Then Covid-19 came along and proved that many businesses can – and should – go remote, at least part of the time. Over a year along, there are plenty of people who now insist on at least being able to work remotely for part of the week and only come into the office one to two days a week. Indeed, many people are now flocking smaller cities because of the cheaper prices, greater amount of space, and the fact that they think they should be able to do their work from anywhere now. It’s caused a certain level of tension because many employers still want their employees back to work…. and the employees are often saying ‘no’.

In fact, according to a survey done by PWC, only one in five Canadians want to go back to the office full time, while 82% of employers think they should be going back full time. Talk about a messy mismatch of priorities! In the States, 39% of employees said they would quit if they were not given the option to come back to work as a remote worker. That’s quite a bite out of the skilled labor force.

In all honesty, the career trends of 2019 and 2020 continue into 2021 and 2022; however, Covid-19 sped a lot of them up, especially in the realm of technology. It’s now understood that pretty well all industries will have some level of digitization, with some having more than others. Add to this the trend towards more businesses going to a hybrid work from home/work at the office model (or entirely remote work) and you can see how many places are now demanding that employees know how to use their technology.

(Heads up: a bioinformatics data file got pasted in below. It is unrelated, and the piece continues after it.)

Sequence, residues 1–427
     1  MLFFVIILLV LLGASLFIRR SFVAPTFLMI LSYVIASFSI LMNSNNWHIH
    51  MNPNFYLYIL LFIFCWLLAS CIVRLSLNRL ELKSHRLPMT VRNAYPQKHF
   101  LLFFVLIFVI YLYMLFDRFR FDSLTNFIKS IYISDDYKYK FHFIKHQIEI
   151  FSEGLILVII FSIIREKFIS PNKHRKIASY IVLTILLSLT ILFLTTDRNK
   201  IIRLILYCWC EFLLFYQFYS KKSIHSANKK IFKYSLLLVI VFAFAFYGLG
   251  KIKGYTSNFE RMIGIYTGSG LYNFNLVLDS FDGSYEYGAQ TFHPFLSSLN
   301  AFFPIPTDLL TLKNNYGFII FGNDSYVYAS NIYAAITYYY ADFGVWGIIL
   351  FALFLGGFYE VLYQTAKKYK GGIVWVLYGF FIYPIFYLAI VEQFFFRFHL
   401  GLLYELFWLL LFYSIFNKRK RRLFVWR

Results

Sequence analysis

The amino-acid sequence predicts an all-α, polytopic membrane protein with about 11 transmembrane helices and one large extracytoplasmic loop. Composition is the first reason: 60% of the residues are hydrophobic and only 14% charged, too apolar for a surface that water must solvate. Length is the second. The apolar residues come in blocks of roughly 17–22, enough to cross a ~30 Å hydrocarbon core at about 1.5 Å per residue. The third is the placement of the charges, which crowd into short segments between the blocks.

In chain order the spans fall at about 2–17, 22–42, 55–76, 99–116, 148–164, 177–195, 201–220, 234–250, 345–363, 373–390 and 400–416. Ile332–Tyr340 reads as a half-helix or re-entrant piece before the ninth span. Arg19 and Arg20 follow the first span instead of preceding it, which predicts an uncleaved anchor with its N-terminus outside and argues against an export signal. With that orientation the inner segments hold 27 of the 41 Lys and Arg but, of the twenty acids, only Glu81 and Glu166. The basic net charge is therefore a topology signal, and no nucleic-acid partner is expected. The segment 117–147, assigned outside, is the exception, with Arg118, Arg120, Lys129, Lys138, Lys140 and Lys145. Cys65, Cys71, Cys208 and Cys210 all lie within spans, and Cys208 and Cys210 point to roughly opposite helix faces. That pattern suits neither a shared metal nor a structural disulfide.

Other things though remain the same: the need for soft skills (particularly creativity), the need for proper training and hands-on experience and skills, and the general mismatch between what employees perceive employers want (and vice versa), what everyone actually wants, and how best to get there.

Covid-19 laid bare a lot of the weaknesses in the system we work under: ignoring front line workers like grocery store clerks, ignoring advances in technology, and demanding degrees. Now that we know these things are problematic, there is a growing push to fix them and take advantage of what computers, cloud computing, and the humble retail clerk and hospitality worker have to offer to keep the world moving forward in a post-pandemic world.

Anything surprise you about the career trends of 2021 and 2022? Let us know in the comments what you think the most important trends in employment will be in the next year.

Related Articles